In 1951, only five years after World War II ended, I managed to make my way to Paris where I landed a job as a courier diplomatique (messenger boy) for the United Nations Sixth General Assembly. Despite the years of war and deprivation, Paris still was a special place with its history, its cafes, galleries, bridges, ornate edifices, and narrow winding cobblestone streets, some seemingly as old as the city itself.
Recent reports about how horsemeat has been smuggled into certain meat products in England, Sweden, and elsewhere remind me of one of Paris’s unusual features of 1951: the numerous butcher shops that sold horsemeat. Such a shop usually sported a mounted life-sized horse head (made of metal or wood) above the store entrance to advertise unequivocally that the butcher specialized in the sale of horse flesh.
I ate horsemeat at a small neighborhood Parisian restaurant a number of times. It was smoothly textured and more gamy than beef. I wasn’t particularly fond of it but it did have the virtue of being affordable. In those post-war days, low-income Parisians were more inclined to eat horses than ride them.
All the talk today about how undesirable it is to consume horses carries the implication that our immense ingestion of other livestock is perfectly acceptable. We are advised not to eat horses, nor dogs, rabbits, or cats—no matter how close to starvation we might be. But devouring limitless numbers of cattle, pigs, sheep, lambs, chickens, turkeys, and ducks is quite all right.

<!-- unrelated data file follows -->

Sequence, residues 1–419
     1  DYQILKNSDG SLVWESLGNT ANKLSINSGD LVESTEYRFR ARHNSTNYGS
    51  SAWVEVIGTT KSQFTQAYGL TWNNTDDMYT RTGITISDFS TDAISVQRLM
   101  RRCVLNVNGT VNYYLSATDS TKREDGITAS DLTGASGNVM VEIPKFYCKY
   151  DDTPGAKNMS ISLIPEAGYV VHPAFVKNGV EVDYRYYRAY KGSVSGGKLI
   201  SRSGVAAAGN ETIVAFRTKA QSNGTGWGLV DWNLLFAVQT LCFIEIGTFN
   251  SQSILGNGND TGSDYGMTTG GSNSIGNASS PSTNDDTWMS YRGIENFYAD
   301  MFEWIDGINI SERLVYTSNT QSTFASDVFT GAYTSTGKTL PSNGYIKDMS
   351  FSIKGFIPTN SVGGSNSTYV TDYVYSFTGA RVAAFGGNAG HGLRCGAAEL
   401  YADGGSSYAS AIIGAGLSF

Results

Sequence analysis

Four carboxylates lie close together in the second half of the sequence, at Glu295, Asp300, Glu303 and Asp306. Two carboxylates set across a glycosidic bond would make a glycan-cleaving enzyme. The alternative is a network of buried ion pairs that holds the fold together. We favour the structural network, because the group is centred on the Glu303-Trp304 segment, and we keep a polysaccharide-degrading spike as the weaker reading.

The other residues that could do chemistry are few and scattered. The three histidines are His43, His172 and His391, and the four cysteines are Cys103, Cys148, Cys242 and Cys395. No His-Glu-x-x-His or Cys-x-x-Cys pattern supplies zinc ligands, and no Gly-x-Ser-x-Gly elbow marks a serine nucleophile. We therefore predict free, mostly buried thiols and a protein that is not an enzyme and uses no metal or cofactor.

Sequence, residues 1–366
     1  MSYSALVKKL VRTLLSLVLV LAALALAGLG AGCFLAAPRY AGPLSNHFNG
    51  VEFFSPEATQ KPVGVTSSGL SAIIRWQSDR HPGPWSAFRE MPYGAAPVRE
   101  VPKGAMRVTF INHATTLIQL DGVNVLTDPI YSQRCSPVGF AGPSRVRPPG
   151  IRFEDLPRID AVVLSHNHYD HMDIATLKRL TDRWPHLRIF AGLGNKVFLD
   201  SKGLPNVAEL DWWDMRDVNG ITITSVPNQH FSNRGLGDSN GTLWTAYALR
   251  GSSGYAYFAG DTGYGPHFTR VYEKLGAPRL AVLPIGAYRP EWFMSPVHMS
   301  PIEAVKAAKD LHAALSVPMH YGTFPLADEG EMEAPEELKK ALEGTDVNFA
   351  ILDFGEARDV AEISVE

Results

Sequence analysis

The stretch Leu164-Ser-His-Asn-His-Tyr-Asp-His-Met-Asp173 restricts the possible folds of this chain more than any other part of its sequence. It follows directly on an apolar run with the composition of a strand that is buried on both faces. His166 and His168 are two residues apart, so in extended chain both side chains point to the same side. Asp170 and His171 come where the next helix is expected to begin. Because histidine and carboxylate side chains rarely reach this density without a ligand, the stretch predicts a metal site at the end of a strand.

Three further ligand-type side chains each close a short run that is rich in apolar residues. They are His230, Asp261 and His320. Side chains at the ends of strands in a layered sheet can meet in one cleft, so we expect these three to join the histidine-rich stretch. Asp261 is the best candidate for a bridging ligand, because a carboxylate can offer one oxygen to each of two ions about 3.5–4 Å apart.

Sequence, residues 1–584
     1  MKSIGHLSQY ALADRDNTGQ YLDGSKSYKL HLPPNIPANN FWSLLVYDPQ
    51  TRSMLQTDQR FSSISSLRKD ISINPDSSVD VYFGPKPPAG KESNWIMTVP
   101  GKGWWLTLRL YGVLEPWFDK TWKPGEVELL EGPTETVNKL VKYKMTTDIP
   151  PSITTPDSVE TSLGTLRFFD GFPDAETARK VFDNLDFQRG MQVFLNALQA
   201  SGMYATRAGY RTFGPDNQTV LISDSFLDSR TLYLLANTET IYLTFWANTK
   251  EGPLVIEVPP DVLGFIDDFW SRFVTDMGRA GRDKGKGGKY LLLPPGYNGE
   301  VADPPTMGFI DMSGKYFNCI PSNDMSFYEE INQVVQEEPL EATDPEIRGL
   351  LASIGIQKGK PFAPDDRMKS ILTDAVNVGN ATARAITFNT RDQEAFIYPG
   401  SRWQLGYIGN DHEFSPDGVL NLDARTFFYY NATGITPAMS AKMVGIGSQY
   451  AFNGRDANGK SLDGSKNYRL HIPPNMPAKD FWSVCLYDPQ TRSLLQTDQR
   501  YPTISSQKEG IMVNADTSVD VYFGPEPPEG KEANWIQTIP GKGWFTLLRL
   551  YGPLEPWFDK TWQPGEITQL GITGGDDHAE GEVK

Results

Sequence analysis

This causes us to overlook the real problem, which is not horsemeat but meat consumption in general. The world cannot feed itself if it continues to make meat a common staple. Millions upon millions of livestock require vast amounts of grain and water, ultimately far more than the environment will be able to provide.
Aside from the survival problems raised by the consumption of immense quantities of land, water, and grain in producing meat, there is another menacing aspect: all the poisons and torture that happen along the way from the feedlot to the supermarket. For the health of the planet and for our own health and for the sake of the livestock, we should stop eating animals. Rather than calling for more regulation of meat production, we need to move entirely away from meat meals.
Originating from the top of the food chain, all animal products menace our health. Pesticides and other toxic run-offs work their way into the food and water consumed by livestock. So with wild and farmed fish, and seafood. Finally, perched at the highest rung of the food chain, we humans feast on the accumulated toxins that concentrate further in our bodies.
Many of us are unsettled about eating horses, dogs, cats, rabbits, snakes, monkeys, rodents, or alligators—which other people around the world do eat. Perhaps we should give more attention to the horrid mistreatment of domesticated livestock, the mass produced cruelties of factory farms, the torturous stalls, the joyless overcrowded feedlots, the loads of antibiotic and hormone additives, the frequent sickness and fatal dismemberments, and the terrible toxic accumulations.
Save your health and your planet. May all animal consumption go the way of the Paris horsemeat butcher shops.
Michael Parenti’s most recent books are The Culture Struggle (2006), Contrary Notions: The Michael Parenti Reader (2007), God and His Demons (2010), Democracy for the Few (9th ed. 2011), and The Face of Imperialism (2011) and the forthcoming Waiting for Yesterday: Pages from a Street Kid’s Life (a memoir of his early life). For further information about his work, visit his website: www.michaelparenti.org.
from the archives:
See also: Integrating Livestock in the Food Forest